Mahler follows this in Part II with an ambivalent Scherzo which you can read about here. Like the Ravel, it is in many ways a dance of death, or at the very least a dance which expresses a certain affection for oblivion. Again, Part II of the Shostakovich is similar- it is also a Scherzo, but the mood is hardly carefree.
Part III of the Mahler promises a return to life. It is now well known that in many respects, the famous Adagietto is a love song, but it is also filled with references to Mahler’s own Kindertotenlieder, or Songs on the Death of Children. Yes, it has moments of stunning tenderness and exquisite longing, but it, never mind what today’s politically correct writers tell you, includes passages of searing anguish and deep, deep pain.
In Mahler 2, the last grand and dramatic Finale is preceded like a structural upbeat by the song Urlicht. Like the Adagietto, it is intimate and tender music in which hope seems to begin to awaken, if not assert itself. However, where the Finale of the 2nd begins with a savagely dramatic outburst (obviously related to the opening of the Finale of Beethoven 9), the Finale of Mahler 5 begins with a joke. Mahler quotes one of his own songs (Lob des hohen Verstandes, or “In Praise of Lofty Intelligence”) about a singing competition between a cuckoo and a nightingale judged by an ass. It hardly promises a Finale in which the tragedy of Part I can be overcome, and it turns out to be.
The Finale of Mahler 5 is humorous, virtuosic and passionate. The humor is sometimes warm and bright, other times black and sardonic. It makes extensive reference to the music of the Adagietto, now played in a genuinely carefree, breezy style, perhaps as if to say love is as much a game as anything else. There is only one reference to Part I, but what a reference it is- just before the end, he brings back the great chorale of the 2nd Movement. This overpowering peroration had collapsed into abject crisis the first time it was heard, but here, it shines out in triumphant confidence. If the symphony ended here, he might just have pulled of the kind of transcendent ending we’d been hoping for all along, and what a feat that would have been!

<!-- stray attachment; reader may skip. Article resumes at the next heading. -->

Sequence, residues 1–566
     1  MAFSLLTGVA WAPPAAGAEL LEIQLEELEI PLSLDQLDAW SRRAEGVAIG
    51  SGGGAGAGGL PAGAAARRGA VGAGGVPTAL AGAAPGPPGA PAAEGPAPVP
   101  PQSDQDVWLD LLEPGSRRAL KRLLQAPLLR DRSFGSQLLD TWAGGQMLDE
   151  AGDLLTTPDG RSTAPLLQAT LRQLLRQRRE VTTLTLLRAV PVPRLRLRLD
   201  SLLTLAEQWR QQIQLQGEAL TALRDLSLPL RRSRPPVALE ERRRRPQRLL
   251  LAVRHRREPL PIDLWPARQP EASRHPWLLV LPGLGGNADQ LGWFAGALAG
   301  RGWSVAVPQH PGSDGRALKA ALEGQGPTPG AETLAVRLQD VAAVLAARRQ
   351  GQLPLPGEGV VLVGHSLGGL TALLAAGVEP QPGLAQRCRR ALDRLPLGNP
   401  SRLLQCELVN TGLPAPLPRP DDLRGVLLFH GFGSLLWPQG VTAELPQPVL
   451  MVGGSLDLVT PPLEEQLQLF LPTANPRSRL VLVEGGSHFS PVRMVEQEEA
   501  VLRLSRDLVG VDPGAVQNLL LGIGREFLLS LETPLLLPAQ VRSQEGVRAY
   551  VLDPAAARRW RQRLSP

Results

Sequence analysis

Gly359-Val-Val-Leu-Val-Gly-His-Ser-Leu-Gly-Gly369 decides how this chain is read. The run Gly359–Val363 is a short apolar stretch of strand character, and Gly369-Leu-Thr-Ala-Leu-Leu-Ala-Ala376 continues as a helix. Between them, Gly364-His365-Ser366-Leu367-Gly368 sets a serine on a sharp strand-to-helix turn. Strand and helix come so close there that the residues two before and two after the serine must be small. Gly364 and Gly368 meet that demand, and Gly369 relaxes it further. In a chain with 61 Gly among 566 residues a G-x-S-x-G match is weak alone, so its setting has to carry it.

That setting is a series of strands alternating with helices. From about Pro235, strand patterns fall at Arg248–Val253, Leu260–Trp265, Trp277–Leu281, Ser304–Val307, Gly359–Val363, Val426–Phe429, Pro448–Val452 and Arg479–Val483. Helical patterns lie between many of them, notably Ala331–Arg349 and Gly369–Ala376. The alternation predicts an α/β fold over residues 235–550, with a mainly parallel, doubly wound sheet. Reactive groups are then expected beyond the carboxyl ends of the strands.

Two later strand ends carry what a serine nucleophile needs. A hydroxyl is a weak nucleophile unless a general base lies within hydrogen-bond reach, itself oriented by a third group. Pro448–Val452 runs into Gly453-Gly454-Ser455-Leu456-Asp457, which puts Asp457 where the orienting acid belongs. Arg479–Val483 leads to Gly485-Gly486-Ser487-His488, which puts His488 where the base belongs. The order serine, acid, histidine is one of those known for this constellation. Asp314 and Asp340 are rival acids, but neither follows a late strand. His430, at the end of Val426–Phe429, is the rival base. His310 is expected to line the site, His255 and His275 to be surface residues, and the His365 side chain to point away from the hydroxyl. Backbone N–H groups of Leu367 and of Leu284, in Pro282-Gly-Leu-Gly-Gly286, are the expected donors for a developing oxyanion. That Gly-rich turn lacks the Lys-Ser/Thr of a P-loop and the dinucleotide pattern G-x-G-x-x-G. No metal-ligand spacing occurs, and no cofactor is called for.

But Mahler chooses not to do so. Instead, the piece continues just long enough to undermine the Chorale. Instead of ending in catharsis, the piece ends in laughter – perhaps, like love, triumph is also all just a game, or perhaps he is saying that the culmination of the chorale is the ending to yesterday’s story- life goes on! The piece ends with a torrent of whole tone scales- the most ambivalent of musical structures. Is it light or dark humor? Is there an edge of madness in that laughter? Those whole tone scales seem to signal we can’t be sure Do we all live happily after? Are all life’s problems solved? I don’t think so, but life goes on, and in Mahler’s world the primal force of life is extraordinarily powerful.
Likewise, the 3rd Mvt of Shostakovich 6 doesn’t try to fix what the Largo has broken. Like Mahler’s Finale, the primary emotion is humor, both dark and light. Much as I love, and much as the world needs the Finale of Mahler 2, the Finale of Maher 5 is truer to life, hard as that is to accept. My sense is that Shostakovich 6 is also a pretty profoundly true-to-life work. Perhaps he is saying that suffer as you will (remember the Largo), don’t expect the heavens to open and for God to give you all the answers. Life goes on, in all its hilarity and insanity.
Side by side, the Shostakovich looks a little less of an enigmatic failure and much more a triumph of ironic realism, and the Mahler looks less Beethovenian and more modern.
Of course, it’s possible there is an even darker truth in the Shostakovich- we know he advertised that his original intention was to make the work a portrait of Lenin, complete with choral Finale. Maybe the work was meant to look more like Mahler 2, and the 2nd and 3rd movements were kindred intermezzi to the 2nd and 3rd mvts of Mahler 2?
However, in 1939, Russia was still waiting for the happy ending to the Lenin drama. Perhaps the deafening silence that follows the 3rd mvt of the 6th is the point. Shostakovich didn’t write a Finale because life hadn’t given him one to depict?
It sounds good, but I’m not convinced. The Largo seems to introverted and personal to have anything to do with politics and history- if it’s about anything other than despair, it is about music. More on that to come, I hope.
It has always bothered commentators that the ending of Shostakovich 6 doesn’t feel like an ending worthy of its beginning. Isn’t that obviously his point? Of course the piece is unfinished- he doesn’t want you to walk away from the symphony ready go out for a drink. He wants us to be thinking about what the piece means, to be struggling to make sense of its pain and contradictions. The work of the listener is just beginning when this piece ends.